Approximately 4% of individuals of South Asian ancestry carry a gene variant associated with increased risk of cardiomyopathy, a condition associated with heart failure. The magnitude of the risk, which is increased by about 7 times, is relatively high for a common variant, and carriers have a lifelong predisposition to heart failure suggests the study online in Nature Genetics.
Mutations in the gene encoding a certain cardiac protein had previously been shown to be associated with cardiomyopathy, which is characterized by weakness in the heart muscle. Kumarasamy Thangaraj and colleagues studied one of these mutations -- a 25-base pair deletion -- in two populations of Indian individuals with cardiomyopathy. They find that the deletion is associated with as much as a seven-time increased risk of cardiomyopathy. By assessing 28 unrelated Indian families, the team show that some carriers of the deletion manifest the disease by the third decade of life, and more than 90% of the oldest carriers in each family were affected. The deletion was occasionally observed in Southeast Asians, but was undetectable elsewhere in the world.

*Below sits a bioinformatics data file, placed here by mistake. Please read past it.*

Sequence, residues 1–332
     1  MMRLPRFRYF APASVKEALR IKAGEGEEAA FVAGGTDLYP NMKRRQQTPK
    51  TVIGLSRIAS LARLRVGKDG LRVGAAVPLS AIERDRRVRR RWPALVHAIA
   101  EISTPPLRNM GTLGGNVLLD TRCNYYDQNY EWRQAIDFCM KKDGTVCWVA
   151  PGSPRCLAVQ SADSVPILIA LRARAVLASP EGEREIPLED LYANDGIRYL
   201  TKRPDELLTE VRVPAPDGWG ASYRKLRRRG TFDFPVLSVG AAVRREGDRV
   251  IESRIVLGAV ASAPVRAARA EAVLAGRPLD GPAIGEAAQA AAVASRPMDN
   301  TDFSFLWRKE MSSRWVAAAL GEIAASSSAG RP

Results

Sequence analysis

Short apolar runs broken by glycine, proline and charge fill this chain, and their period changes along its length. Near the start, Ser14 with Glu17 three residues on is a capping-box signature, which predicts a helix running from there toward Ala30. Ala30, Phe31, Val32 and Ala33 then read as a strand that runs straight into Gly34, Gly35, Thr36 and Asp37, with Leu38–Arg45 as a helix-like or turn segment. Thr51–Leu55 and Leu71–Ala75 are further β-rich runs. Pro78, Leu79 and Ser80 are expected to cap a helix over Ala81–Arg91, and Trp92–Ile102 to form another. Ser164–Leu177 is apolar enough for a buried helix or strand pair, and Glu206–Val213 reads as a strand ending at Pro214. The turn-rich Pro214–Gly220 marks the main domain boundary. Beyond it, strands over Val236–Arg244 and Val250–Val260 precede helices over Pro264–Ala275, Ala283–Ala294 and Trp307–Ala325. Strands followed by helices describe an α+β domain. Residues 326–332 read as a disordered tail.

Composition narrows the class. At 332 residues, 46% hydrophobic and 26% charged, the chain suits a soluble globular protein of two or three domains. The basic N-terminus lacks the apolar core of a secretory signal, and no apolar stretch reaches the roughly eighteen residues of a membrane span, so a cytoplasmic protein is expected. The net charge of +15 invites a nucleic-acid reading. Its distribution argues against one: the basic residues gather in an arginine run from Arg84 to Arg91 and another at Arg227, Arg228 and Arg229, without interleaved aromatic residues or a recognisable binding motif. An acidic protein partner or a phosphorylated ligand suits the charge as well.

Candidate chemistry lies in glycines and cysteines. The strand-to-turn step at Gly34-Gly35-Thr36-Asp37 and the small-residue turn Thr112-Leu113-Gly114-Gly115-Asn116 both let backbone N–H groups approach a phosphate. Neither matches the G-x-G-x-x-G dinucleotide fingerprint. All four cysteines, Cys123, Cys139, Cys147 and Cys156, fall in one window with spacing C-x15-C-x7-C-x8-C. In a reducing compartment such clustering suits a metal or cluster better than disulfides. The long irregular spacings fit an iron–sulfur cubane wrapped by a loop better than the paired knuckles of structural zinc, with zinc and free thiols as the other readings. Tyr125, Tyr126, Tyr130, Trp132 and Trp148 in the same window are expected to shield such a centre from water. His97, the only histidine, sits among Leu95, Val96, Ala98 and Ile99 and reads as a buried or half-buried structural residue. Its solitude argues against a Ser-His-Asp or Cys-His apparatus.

The authors show that the frequency of the deletion is significantly higher in southern and western India than in the north, a distribution that correlates with higher rates of heart failure in southern India. Despite being disadvantageous, they suggest that the deletion has risen to such a high frequency in South Asians because it typically has an effect after the age of reproduction.
Kumarasamy Thangaraj (Centre for Cellular and Molecular Biology, Hyderabad, India)
Abstract available online.
(C)Nature Genetics press release.
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